Carroll and Goodwin discuss the conceptual and technical developments of their work, as well as the advantages and challenges of working collaboratively.
Thomas Albrecht’s projects include wall drawings that record passages of time through accumulations of mark; paintings that negotiate the remnants of human agency without picturing actual figures; and performances on city sidewalks that explore ritual and language in public spaces. His most recent work has focused on durational performances where the passage of time and physical demands on the body form the content of the projects. He has exhibited throughout the United States and in Europe. In addition, he has initiated unscheduled interventions on sidewalks in major urban centers in the United States; his interactions with local police have been few. He is an assistant professor of art at the State University of New York at New Paltz, where he serves as coordinator for first-year studies. He has lectured on topics ranging from teaching pedagogy, ritual and performance, and contemporary visual practices in venues such as the School of Visual Arts, FATE, the College Art Association, and the International Society for Religion, Literature and Culture. He received his BFA from Rhode Island School of Design, a Master of Arts in Religion at Yale, and his MFA from the University of Washington in Seattle.
Thomas Albrecht Portfolio
Washing One's Hands of It, digital image of performance, 2011
News/Print, digital image of performance, 2010
Believe Don't (New York), digital image of performance, 2010
Metamorphosis Student Examples
Every student drawing measures 22" x 30" and is done in charcoal. Click on individual image to view larger size.
Reception: There will be a reception for the artist on Thursday, December 15, 2011, from 6 – 8 pm
For HEADQUARTERS, Donald Morgan's first solo show in NYC, the window front cubicles at Gridspace are transformed into a site specific façade of faux shattered window panes. Utilizing hand cut shards of mirrored plexi and silk screened images, the piece is characterized by the sharp “real time” immediacy inherent in the mirrored surfaces in contrast with the flat-footed yet almost spectral silk screens. The icons of the piece, ie, the shattered “glass”, a stylized spider’s web, a distorted peace sign and a house cat paused while peering out at the viewer, all function together to reference different moments or processes. For instance, the slow construction of a web, the quick action of breaking a window and the resulting instant creation of dark, interior negative space, the fact of the peace sign’s loaded yet nebulous historical context and the photographically arrested gaze of the cat which then momentarily fixes our gaze. The resulting effect is characterized by a deliberate and off-kilter sense of different kinds of time unfolding concurrently.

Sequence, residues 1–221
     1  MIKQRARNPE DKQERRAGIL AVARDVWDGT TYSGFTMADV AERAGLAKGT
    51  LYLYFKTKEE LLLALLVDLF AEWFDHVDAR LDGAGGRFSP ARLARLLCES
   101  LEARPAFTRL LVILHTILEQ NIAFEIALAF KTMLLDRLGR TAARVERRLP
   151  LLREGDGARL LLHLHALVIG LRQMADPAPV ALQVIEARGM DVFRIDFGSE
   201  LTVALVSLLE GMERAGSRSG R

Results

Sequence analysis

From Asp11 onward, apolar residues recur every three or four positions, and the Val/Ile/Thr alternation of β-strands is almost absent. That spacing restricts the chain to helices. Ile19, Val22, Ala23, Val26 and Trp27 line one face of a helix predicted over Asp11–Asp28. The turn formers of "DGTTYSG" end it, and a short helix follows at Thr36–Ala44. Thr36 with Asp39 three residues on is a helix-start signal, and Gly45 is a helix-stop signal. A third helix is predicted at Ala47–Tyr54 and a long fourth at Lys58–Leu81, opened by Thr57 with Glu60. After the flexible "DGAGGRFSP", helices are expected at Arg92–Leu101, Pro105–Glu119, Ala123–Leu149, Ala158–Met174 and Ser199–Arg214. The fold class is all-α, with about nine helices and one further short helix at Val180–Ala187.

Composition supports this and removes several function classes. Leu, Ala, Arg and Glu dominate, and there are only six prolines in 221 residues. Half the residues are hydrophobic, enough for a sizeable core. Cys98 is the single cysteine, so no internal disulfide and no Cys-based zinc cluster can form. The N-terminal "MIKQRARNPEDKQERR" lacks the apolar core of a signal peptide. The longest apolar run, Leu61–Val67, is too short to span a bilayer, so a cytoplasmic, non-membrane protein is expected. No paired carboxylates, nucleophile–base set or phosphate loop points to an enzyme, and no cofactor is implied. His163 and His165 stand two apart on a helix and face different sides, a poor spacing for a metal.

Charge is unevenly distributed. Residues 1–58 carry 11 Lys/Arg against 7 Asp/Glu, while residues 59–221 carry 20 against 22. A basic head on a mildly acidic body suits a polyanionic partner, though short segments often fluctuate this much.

Donald Morgan’s work is invested in re-presenting and re-fashioning a lexicon of forms and icons which vary widely in source, from northwest forest imagery to the artifacts of specific cultural practices. Combining modernist tropes with an often regionalist visual vernacular, his work conveys an open-ended narrative sense as well as a sort of pleasurable visual dissonance, as if something familiar has been rendered into the relatively unfamiliar. His paintings and sculptures function as unique combinations of materials and signs that strive to produce novel and complex experiences for the viewer.
January 3 – January 28, 2012
Opening Reception: Thursday January 5th, 6-8pm
Soho20 Gallery, Chelsea, NY
The Non-I Protects the I is a three-person exhibition with the work of Joelle Dietrick, Meg Mitchell, and Judy Rushin. Taken from Gaston Bachelard’s The Poetics of Space, the title focuses on Bachelard’s ideas about the importance of shelter. All three artists consider shelter—Dietrick focuses on domestic space; Mitchell explores language as structure; and Rushinplayfully reconfigures working class materials. With the housing crisis ever present in the minds of most Americans, these artists consider the importance of developing one’s own corner of the universe. Each proposed artwork reflects shifting attitudes towards necessity and finds grace in systems, even in moments of system failures.